When the Vietnam Conflict ended in 1973, 566 military prisoners of war returned from captivity in North Vietnam. More than 45 years later, the psychological tests of approximately 300 of these repatriated prisoners show few instances of Post-Traumatic Stress Disorder. How can this be when other groups in history who have experienced captivity have often shown extreme aftereffects? The answers are varied and complex, but one thing seems clear. The Vietnam prisoners of war had a system that worked, a system for human connection based on control and grounded in the effective use of humor. They created freedom where there was none.
Research tell us that human beings want power and authority over their futures. We want to feel that we have a say in how things will go for us. When we perceive that our actions will make an outcome likely, we feel optimistic and secure. When we don’t, we feel insecure. We feel like victims. Sometimes people stay in a victim’s frame of mind after a loss or disappointment. They doubt their capacity to make their lives happen according to their own aspirations, so they wait to be rescued or blessed by good fortune. They start to feel undermined and overwhelmed; and they can become totally immobilized.
But the POWs weren’t victims. Their captors certainly victimized them, but they never saw themselves as victims, no matter what was done to them. They weren’t victims because they took control of the few things they could control. They were told when and what and if they could eat; they were told when they could shower, sleep, and use the toilet. They had no say about parts of their lives that people normally take for granted. But they did have control over one thing, and that was their humor perspective.
Their need for control served as a framework for the POWs who created and maintained a system of strong interpersonal relationships and group affiliation that helped them survive over seven years in captivity and thrive during the years since repatriation. Humor was one of the elements of that system. The POWs taught each other how to use humor as a weapon for fighting back and as a tool for building cohesion.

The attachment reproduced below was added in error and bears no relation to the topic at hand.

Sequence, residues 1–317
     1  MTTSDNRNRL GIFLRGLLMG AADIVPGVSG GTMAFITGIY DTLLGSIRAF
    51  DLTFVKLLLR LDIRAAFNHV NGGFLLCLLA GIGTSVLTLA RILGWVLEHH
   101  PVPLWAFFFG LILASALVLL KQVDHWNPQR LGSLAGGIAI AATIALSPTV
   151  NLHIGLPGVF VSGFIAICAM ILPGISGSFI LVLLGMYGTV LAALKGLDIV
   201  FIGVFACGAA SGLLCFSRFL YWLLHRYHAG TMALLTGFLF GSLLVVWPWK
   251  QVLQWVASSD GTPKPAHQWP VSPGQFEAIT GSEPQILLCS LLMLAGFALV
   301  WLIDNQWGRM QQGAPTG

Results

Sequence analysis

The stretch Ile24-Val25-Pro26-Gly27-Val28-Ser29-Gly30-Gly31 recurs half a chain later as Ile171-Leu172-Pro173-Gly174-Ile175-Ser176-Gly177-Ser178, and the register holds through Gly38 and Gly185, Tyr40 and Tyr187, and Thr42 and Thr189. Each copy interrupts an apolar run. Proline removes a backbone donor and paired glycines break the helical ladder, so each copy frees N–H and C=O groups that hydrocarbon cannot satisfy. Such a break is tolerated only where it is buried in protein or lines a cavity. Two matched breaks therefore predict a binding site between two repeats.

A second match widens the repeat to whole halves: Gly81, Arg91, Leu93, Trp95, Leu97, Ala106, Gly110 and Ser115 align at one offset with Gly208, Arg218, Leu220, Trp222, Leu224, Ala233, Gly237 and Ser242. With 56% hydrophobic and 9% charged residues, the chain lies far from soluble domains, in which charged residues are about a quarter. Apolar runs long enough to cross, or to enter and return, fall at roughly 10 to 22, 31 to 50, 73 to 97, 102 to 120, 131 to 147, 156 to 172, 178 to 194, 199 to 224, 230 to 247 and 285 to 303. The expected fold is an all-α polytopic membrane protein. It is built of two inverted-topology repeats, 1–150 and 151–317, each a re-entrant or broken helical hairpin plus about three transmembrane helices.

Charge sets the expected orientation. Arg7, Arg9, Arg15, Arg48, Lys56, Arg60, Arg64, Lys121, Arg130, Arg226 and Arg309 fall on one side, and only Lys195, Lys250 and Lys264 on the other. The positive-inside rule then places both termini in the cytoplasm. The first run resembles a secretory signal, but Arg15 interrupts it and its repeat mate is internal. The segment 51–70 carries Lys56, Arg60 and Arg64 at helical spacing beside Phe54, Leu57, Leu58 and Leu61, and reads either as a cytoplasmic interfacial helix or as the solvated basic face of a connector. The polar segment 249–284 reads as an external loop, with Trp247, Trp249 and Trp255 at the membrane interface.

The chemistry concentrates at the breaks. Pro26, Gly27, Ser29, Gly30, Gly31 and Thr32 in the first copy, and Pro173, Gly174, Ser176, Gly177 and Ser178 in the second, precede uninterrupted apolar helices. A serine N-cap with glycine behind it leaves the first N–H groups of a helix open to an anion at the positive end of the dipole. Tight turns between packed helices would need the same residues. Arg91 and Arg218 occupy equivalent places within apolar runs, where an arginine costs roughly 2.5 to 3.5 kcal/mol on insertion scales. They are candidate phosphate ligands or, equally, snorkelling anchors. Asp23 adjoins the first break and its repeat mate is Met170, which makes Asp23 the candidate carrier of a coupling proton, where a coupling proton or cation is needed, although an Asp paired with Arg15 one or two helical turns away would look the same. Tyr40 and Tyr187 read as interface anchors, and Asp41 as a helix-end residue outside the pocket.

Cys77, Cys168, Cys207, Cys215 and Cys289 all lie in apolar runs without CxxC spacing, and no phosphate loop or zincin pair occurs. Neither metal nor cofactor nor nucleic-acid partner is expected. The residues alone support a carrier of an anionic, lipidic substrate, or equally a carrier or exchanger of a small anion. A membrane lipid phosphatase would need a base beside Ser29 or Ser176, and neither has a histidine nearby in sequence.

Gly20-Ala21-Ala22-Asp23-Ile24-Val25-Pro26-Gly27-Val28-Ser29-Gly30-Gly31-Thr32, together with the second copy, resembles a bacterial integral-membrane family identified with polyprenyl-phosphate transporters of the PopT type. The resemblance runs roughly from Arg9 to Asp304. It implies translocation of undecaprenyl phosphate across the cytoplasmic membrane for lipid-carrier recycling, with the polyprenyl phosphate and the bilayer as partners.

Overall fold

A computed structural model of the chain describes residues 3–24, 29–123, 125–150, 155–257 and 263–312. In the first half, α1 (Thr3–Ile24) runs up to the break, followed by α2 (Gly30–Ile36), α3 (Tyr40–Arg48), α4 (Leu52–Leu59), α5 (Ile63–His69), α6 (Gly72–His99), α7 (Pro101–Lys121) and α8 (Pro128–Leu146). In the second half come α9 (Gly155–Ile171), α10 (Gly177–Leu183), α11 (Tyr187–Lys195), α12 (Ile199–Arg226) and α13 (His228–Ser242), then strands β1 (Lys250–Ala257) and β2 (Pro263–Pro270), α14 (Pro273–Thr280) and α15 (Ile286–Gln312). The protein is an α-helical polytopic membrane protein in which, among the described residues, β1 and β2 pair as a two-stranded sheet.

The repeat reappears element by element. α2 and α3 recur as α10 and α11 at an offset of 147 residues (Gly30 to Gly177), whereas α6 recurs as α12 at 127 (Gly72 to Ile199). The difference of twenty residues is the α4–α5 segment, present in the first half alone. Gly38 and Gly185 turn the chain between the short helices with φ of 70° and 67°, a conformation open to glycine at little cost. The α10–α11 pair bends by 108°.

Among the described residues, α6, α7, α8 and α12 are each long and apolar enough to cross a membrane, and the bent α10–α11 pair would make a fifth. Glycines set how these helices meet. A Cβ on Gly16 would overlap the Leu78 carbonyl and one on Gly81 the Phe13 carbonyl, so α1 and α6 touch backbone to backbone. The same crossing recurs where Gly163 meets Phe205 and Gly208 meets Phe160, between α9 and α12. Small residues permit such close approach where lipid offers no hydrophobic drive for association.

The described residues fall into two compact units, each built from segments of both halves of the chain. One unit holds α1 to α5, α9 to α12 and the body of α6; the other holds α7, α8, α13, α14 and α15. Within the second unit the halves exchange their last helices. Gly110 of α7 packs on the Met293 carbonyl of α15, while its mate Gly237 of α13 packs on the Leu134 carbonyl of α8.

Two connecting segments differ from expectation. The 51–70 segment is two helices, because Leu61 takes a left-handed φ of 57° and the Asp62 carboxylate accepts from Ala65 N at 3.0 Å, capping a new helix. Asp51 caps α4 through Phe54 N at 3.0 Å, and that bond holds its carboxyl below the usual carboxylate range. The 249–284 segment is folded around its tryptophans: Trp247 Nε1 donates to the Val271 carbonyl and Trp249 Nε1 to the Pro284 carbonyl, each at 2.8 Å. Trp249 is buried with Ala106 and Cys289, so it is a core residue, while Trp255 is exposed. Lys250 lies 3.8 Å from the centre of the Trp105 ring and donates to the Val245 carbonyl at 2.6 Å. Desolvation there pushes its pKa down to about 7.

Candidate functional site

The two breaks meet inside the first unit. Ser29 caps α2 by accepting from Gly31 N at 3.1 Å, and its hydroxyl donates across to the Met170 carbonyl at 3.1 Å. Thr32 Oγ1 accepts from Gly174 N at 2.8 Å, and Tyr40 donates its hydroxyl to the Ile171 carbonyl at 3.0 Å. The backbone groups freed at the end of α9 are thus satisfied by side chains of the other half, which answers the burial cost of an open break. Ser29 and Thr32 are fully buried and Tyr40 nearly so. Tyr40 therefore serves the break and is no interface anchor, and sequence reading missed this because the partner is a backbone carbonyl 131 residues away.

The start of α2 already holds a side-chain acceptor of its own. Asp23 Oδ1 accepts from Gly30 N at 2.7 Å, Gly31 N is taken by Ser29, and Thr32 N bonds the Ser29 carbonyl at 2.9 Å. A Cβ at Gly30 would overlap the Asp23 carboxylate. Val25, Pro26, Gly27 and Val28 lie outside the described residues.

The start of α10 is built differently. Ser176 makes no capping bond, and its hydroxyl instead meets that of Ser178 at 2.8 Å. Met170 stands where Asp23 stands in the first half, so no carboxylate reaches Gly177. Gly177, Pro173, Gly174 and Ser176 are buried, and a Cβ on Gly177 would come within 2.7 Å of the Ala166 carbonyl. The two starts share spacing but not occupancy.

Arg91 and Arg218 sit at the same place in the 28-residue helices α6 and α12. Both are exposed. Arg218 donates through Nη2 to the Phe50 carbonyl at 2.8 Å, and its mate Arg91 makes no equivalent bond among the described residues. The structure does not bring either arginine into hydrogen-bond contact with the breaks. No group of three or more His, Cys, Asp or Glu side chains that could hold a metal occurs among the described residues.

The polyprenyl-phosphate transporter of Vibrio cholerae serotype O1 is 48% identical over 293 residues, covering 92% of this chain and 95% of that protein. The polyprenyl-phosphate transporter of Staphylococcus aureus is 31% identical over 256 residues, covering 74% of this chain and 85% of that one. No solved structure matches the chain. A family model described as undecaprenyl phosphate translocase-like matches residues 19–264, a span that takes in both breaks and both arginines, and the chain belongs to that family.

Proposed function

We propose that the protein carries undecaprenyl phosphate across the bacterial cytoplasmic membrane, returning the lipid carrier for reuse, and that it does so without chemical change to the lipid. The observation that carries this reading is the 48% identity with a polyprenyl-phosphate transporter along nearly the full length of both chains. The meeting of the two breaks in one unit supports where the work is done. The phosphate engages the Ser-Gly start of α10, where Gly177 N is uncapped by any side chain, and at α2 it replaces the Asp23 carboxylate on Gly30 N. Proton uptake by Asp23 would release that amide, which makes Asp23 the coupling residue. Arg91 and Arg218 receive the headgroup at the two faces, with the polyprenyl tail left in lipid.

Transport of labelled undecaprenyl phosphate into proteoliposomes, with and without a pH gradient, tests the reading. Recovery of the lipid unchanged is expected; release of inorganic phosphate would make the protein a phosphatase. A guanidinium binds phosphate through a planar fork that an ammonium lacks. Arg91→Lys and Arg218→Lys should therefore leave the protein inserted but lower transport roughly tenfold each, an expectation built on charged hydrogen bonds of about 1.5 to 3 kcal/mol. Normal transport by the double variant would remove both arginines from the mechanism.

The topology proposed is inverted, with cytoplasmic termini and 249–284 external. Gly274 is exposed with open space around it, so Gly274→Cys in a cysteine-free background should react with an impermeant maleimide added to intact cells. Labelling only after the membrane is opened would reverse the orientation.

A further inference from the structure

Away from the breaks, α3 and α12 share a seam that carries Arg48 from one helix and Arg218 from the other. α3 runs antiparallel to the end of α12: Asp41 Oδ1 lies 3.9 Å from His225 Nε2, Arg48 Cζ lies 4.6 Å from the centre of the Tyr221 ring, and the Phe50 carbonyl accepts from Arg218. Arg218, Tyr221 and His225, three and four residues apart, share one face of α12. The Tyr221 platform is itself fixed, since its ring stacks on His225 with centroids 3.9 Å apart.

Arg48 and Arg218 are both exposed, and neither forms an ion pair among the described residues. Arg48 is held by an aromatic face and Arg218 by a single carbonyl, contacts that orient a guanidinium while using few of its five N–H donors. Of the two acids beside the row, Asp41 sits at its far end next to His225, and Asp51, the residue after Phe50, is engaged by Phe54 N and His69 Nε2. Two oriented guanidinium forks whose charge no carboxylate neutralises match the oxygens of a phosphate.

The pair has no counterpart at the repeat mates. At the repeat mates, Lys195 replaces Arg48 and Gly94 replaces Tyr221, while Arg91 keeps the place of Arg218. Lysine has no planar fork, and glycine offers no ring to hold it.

As one man stated, “Believe it or not, even under the almost worst of conditions over there, under the right circumstances, we could laugh.” They would say, “Well, boy, we’re going to look back on this and laugh, but boy, it sure does hurt now.” Another participant in my study added, “The first five months I didn’t have a sense of humor. I was having great difficulty finding anything very funny about the situation, and then I discovered by living with other people and the way we interacted, that we eventually started being awfully funny.”
According to some POWs, the importance and the value of a sense of humor was critical. “Humor allows you to get up every morning and think this isn’t the end of the world, so one’s sense of humor is pretty critical.” One VPOW reported that even after being beaten the men ended up telling jokes to each other despite the miserable conditions of the cell. Some others on the other side of the wall, who had also been beaten, tapped the question, “What’s so funny?” The response was, “If you don’t have a sense of humor, you shouldn’t have joined up.”
To prevent a disjunction of the self and to find meaning in a situation void of meaning, the POWs relied on resources many of them did not know they had. Their internal sense of mirth and humor, their reliance on one another, and their group interactions all combined to create a system for survival. Their humor perspective provided the framework for discovering how to cope with their captivity, and their commitment to one another other gives an important perspective about what coping is made of. The role humor can play in bouncing back from adversity, especially when we are linked to others who will help us laugh, seems critical.
On this Fourth of July, let us remember these heroes and others who have sacrificed for our freedom. They gave their yesterdays so that we might have bright tomorrows.